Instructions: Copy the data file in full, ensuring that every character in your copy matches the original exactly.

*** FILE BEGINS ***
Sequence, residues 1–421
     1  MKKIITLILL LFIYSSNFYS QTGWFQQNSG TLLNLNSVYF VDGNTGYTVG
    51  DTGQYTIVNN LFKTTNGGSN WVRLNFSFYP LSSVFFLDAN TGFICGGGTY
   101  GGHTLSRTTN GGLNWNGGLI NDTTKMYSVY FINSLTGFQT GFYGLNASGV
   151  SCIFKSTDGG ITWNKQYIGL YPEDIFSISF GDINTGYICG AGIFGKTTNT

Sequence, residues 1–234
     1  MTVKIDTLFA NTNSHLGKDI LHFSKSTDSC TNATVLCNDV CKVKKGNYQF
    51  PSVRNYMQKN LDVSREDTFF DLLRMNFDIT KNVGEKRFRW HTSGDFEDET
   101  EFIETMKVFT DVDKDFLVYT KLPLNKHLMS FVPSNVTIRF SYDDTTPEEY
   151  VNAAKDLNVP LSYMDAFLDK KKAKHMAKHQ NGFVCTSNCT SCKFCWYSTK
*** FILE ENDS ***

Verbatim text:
Sequence, residues 1–421
     1  MKKIITLILL LFIYSSNFYS QTGWFQQNSG TLLNLNSVYF VDGNTGYTVG
    51  DTGQYTIVNN LFKTTNGGSN WVRLNFSFYP LSSVFFLDAN TGFICGGGTY
   101  GGHTLSRTTN GGLNWNGGLI NDTTKMYSVY FINSLTGFQT GFYGLNASGV
   151  SCIFKSTDGG ITWNKQYIGL YPEDIFSISF GDINTGYICG AGIFGKTTNT

Sequence, residues 1–234
     1  MTVKIDTLFA NTNSHLGKDI LHFSKSTDSC TNATVLCNDV CKVKKGNYQF
    51  PSVRNYMQKN LDVSREDTFF DLLRMNFDIT KNVGEKRFRW HTSGDFEDET
   101  EFIETMKVFT DVDKDFLVYT KLPLNKHLMS FVPSNVTIRF SYDDTTPEEY
   151  VNAAKDLNVP LSYMDAFLDK KKAKHMAKHQ NGFVCTSNCT SCKFCWYSTK